The Covid-19 pandemic has changed the landscape of the UK economy. By the end of May, 8.7 million people were furloughed, with many businesses struggling with forced closures, huge reductions in sales and a sharp downturn in required services.
These business changes and closures will, no doubt, result in redundancies.
There are various steps your employer is required to take to carry out a valid redundancy. If you have been employed for more than two years and these processes are not followed, you may have a case for unfair dismissal.
What is redundancy?
Redundancy happens when your job disappears. You should not be made redundant for any reason other than one of those set out below.
Redundancy situations fall into three categories:
- Business closure (the business closes altogether)
- Workplace closure (closure of one or several sites, or a workplace moves to another site)
- Decreased need for employees to do work of a particular kind
The redundancy process
Your employer must select who they make redundant in a fair way. Was everyone who should have been put at risk, put at risk? The employer will then consider information such as standards of work, attendance, disciplinary records and experience. This information must be applied in a transparent and objective way.
Redundancy should not be used as an alternative for dismissal in place of disciplinary procedures or capability procedures if an employee’s performance is falling below what is reasonably expected.
Your employer must also:
- Give you adequate warning of what is happening
- Consult with you about why you’re being selected
- Consider alternatives to redundancy, including alternative employment for you where this is available.
If 20 or more employees are to be made redundant, employers must consult with trade union representatives (if recognised) or employee representatives if there is no appropriate trade union.
Your employer is legally obliged to offer you statutory redundancy pay, if you are eligible. If you are entitled to contractual redundancy pay, then your employer must pay you that (and it must be at least equal to statutory redundancy pay).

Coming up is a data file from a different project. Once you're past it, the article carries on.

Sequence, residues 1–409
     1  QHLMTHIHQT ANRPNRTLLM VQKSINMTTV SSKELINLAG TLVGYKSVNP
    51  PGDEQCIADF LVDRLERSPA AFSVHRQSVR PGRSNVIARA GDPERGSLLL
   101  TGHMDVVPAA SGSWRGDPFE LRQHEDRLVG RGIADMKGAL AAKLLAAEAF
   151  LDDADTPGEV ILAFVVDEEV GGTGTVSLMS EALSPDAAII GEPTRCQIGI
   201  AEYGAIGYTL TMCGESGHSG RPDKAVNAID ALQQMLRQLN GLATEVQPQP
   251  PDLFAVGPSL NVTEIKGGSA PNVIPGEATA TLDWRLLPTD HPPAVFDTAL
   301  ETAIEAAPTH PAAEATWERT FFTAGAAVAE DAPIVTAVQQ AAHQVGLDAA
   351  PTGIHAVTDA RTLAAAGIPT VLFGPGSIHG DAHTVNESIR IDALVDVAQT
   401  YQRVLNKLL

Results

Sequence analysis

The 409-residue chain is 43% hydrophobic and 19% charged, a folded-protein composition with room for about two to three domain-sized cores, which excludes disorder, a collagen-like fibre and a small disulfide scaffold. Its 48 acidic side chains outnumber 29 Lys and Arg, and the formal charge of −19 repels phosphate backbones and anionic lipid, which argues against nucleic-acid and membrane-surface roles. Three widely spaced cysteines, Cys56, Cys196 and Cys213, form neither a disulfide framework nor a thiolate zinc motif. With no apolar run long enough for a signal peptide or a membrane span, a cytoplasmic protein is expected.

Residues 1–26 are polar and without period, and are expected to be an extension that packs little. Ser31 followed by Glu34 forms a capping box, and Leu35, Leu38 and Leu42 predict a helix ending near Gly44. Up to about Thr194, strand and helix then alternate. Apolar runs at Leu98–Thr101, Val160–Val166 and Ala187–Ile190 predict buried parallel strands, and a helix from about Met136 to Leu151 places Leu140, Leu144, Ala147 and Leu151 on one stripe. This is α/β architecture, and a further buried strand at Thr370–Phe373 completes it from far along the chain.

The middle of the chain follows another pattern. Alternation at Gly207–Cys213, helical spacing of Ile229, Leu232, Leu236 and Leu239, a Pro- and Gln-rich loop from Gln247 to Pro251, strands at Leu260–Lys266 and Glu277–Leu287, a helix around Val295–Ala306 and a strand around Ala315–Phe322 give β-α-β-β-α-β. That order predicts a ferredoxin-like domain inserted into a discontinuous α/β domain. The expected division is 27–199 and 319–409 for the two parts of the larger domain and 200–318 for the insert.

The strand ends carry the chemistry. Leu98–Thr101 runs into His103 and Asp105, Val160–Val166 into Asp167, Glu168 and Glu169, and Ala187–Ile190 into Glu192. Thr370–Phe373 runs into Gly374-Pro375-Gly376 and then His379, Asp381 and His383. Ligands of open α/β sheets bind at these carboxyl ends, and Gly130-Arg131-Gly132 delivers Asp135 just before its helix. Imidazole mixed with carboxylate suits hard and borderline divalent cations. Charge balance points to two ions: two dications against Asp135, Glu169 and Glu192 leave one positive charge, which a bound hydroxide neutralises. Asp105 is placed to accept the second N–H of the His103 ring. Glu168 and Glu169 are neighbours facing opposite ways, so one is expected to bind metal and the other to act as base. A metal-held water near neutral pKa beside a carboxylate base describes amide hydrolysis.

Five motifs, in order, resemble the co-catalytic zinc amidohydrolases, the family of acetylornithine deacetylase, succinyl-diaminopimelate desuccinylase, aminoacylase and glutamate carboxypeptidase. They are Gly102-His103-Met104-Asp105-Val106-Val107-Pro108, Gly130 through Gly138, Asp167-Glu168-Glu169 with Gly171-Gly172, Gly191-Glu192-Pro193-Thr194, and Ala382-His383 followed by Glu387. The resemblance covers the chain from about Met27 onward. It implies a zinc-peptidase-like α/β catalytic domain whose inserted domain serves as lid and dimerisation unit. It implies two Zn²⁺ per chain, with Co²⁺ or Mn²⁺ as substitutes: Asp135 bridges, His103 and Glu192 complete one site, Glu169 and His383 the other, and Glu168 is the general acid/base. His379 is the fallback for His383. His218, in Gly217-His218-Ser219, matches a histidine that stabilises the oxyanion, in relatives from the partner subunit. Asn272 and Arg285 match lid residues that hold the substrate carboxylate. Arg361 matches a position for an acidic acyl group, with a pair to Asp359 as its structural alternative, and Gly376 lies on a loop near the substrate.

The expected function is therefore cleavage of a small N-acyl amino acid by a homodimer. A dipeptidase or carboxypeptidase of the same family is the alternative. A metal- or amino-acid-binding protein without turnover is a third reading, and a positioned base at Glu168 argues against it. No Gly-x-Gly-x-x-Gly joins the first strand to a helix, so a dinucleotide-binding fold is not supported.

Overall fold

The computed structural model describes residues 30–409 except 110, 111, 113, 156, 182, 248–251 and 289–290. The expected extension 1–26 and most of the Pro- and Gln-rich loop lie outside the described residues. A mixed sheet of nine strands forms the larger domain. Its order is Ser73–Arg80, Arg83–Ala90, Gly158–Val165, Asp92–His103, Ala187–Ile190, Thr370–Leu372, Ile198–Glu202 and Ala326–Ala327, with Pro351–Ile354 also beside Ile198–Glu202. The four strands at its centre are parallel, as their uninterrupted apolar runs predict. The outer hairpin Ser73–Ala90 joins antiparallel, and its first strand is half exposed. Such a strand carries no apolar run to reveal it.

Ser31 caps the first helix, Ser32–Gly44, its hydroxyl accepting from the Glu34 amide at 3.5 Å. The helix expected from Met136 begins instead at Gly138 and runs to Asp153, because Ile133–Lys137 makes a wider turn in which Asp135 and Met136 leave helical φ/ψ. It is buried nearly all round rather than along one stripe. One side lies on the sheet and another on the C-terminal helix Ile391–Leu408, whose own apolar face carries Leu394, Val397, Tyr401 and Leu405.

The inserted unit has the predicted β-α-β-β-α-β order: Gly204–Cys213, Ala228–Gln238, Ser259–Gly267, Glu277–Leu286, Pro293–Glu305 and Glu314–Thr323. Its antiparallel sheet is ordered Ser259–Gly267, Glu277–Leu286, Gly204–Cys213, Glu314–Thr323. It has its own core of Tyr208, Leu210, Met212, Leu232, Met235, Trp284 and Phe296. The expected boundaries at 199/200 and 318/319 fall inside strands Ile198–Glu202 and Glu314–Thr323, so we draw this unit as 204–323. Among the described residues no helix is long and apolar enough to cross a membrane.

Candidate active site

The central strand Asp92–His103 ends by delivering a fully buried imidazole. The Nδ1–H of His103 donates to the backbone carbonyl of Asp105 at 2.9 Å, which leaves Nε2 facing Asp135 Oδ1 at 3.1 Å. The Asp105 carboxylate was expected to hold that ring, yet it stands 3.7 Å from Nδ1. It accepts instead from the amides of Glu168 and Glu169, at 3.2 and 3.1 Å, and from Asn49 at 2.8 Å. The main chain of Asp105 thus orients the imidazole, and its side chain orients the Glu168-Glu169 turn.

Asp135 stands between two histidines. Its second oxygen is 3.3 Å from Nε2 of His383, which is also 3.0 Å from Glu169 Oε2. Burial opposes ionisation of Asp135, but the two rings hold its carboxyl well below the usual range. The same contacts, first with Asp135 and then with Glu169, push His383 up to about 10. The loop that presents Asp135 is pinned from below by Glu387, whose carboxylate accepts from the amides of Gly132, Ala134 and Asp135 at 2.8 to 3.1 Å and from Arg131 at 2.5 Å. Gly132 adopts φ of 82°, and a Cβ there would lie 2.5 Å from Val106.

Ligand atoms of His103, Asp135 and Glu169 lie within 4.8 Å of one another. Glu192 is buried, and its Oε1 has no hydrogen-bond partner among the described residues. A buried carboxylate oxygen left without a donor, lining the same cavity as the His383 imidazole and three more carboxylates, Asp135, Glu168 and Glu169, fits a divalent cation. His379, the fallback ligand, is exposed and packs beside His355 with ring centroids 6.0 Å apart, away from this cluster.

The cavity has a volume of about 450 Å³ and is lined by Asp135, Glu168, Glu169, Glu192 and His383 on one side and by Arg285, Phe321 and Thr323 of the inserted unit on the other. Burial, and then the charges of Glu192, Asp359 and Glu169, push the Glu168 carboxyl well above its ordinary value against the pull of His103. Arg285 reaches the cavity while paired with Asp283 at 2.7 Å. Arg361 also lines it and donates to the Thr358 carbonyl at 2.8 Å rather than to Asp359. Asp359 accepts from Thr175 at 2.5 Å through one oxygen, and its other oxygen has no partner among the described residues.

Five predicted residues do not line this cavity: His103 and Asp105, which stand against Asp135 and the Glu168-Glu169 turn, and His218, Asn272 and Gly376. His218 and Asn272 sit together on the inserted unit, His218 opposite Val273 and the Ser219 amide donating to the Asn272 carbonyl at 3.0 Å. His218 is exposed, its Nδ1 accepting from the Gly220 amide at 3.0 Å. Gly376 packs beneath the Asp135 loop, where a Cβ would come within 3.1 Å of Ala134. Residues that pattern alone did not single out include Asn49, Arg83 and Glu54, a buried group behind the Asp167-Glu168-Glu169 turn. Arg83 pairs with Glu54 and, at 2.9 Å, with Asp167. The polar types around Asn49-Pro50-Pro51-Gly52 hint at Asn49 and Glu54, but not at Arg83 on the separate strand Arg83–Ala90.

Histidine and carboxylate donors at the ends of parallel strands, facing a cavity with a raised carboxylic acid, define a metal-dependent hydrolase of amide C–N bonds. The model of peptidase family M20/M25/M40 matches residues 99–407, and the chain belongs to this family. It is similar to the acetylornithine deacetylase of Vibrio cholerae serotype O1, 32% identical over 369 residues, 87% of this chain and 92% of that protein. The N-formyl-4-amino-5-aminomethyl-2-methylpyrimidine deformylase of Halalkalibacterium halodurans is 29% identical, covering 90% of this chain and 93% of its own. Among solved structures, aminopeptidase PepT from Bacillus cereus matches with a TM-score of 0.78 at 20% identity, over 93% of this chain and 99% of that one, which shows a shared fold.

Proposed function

You must be an employee working under a contract of employment and have at least two years’ continuous service to qualify for statutory redundancy pay. However, your employer may choose to offer extra redundancy pay or have a qualifying period of less than two years.
Statutory redundancy pay is calculated using length of service and age. In the UK for 2020/2021 the rates are as follows:
- Five weeks’ pay for each full year of employment after your 41st birthday
- One week’s pay for each full year of employment after your 22nd birthday
- Half a week’s pay for each full year of employment up to your 22nd birthday
The length of service is capped at 20 years and weekly pay is capped at £538. The maximum amount of statutory redundancy pay is £16,140.
You can lose your right to a statutory redundancy payment if:
- You refuse to take your old job back when offered, or if you refuse a suitable alternative
- You are dismissed for gross misconduct during the redundancy notice
- You resign before the end of the notice period.
If you are not required to work your notice, then you should be paid for a period of notice in accordance with your contract or statutory notice. This might be relevant where an employer closes suddenly, for example.
What is unfair dismissal?
Unfair dismissal occurs when your employer has not followed a fair redundancy process. In addition, your employer must not have selected you for redundancy based on any of the following criteria:
- Sexual orientation
- Gender reassignment
- Pregnancy or Maternity (special rules apply in this case)
- Being a member of a trade union
- Working part-time or on a fixed-term contract
If you believe that your employer has not followed a fair process, or you suspect you have been chosen for an unfair reason, you might be able to claim unfair dismissal at a tribunal.
In this situation, your employer might offer you a compromise agreement, or settlement payment which is an agreed cash sum, in exchange for giving up your right to go to a tribunal. Sometimes employers will ask all employees that they make redundant to sign settlement agreements.